New evidence explains why multitasking is bad for you

09 October 2015 -


One billion working days are lost in the UK every year due to multi-tasking, according to new research from Ranstad

Jermaine Haughton

As a manager, multitasking seems almost imperative. Encouraged to do more work, quicker and more efficiently than before, as well as the constant exposure to all the different streams of information, it’s hard not to multi-task. Moreover, the numerous demands of technology and social media in the workplace – from mobile phones to tablets to instant messaging – has only seen the temptation to multi-task intensify.

However, multitasking is often overwhelming and inefficient. The average person struggles to take in all of the information needed when faced with five or six different distractions at the same time, so it is not unusual for multi-taskers to provide results that are fraught with errors, mistakes, and require additional effort due to rework.

In the latest poll of 2,025 British adults commissioned by Ranstad, 45% of respondents said they have to deal with more multi-tasking in their working lives than they did two or three years ago. Conversely, Only 16% of workers said they have to balance a smaller workload.

According to the study, UK employees are usually interrupted six times every day, which leads to the loss of 120 minutes per day of work (or ten hours every week). Considering the UK has 22.76 million full-time employees working around 253 days annually, British employers could be missing out on over 1 billion working days’ worth of productivity every year, during a period when the country’s productivity rate has slumped dramatically.

With another study from the University of London also showing employees lose the equivalent of 10 IQ points when their work is constantly disrupted, Mark Bull, chief executive of Randstad UK, urged employers to find ways to help the British workforce cope with the time and cognitive costs of multitasking at work.

“Multitasking is becoming an increasingly important part of people’s working lives – 70% of employers tell us they regard it as important,” he said. “That’s a problem because we all pay a cognitive price when we multitask – we deplete our mental energy every time we jump from one activity to another – and that price is soaring as multi-tasking becomes more prevalent in the workplace.

“The consequences are surprisingly serious when you take into account the amount of time it takes us to regain our flow following another interruption.”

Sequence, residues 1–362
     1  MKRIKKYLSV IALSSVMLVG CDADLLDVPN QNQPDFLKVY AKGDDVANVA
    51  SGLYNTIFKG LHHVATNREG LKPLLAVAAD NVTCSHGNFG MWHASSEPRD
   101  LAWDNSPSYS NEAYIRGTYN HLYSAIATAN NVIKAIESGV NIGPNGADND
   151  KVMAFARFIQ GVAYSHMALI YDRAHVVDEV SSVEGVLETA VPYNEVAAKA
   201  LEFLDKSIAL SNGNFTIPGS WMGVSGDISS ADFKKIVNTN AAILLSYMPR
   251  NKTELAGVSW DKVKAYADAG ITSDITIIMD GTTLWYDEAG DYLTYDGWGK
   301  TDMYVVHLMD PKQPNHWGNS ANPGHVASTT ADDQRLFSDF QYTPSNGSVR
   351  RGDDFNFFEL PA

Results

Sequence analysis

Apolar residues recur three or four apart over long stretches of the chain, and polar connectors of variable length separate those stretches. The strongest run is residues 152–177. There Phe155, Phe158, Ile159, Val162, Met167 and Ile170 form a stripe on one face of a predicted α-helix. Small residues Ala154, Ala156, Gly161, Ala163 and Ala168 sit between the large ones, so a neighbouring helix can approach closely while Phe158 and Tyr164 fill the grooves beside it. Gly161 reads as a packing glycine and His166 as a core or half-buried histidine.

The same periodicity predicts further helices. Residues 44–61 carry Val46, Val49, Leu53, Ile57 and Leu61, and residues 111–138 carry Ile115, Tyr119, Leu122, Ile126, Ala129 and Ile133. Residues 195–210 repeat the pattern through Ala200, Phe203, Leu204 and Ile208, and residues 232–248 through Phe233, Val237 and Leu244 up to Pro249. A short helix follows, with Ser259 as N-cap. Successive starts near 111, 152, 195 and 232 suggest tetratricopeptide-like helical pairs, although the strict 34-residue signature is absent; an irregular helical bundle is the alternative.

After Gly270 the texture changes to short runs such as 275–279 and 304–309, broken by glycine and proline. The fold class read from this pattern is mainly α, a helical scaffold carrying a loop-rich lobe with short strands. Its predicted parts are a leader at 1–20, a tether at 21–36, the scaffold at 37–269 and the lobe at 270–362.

And frequent multi-tasking has even been proven to have a negative effect on managerial capabilities.

The late Clifford Nass, communications professor at Stanford University, previously concluded that the more you're multitasking, the less you're able to filter out irrelevant information and found managers to be less thoughtful and more inclined to exercise poor judgment.

Based on one particular study, Nass said: “We have scales that allow us to divide up people into people who multitask all the time and people who rarely do, and the differences are remarkable. People who multitask all the time can't filter out irrelevancy. They can't manage a working memory. They're chronically distracted.

“They initiate much larger parts of their brain that are irrelevant to the task at hand. And . . . they're even terrible at multitasking. When we ask them to multi-task, they're actually worse at it. So they're pretty much mental wrecks.”

Here, Insights gives you three vital steps to avoid the dangers of multitasking at work:

Unitask: Instead of changing from project to project, managers should administer a set amount time to focus on completing one activity before moving onto the next. With concentration undivided and the pressure of working against the clock, managers can get more work finished and are likely to produce fewer mistakes.

Andy Teach, author of From Graduation to Corporation, said: “In the old days before the GPS, if you were driving around and got lost and had to look at a map, the first thing you did was to turn off the radio so you could concentrate. To successfully unitask, you need to do the same type of thing; eliminate any outside distractions.”

Isolate yourself: One of the simplest, but perhaps hardest, steps to greater work productivity is to move away from distractions, especially those of an electronic variety. Shut down emails, mute notifications, and log out of Facebook and Twitter.

“It’s not effective to read and answer every email as it arrives. Just because someone can contact you immediately does not mean that you have to respond to them immediately,” said Dan Markovitz, president of the productivity consulting firm TimeBack Management.

Task grouping: Clustering tasks together can also be an effective method of organising a manager’s workload and giving it the required attention. Instead of attending to a number of scattered phone calls, emails and administrative duties, group activities which are similar in subject matter (such as, work for a particular client or event) together. Then draw together a to-do list on each distinct group based on task size, urgency, etc.

Powered by Professional Manager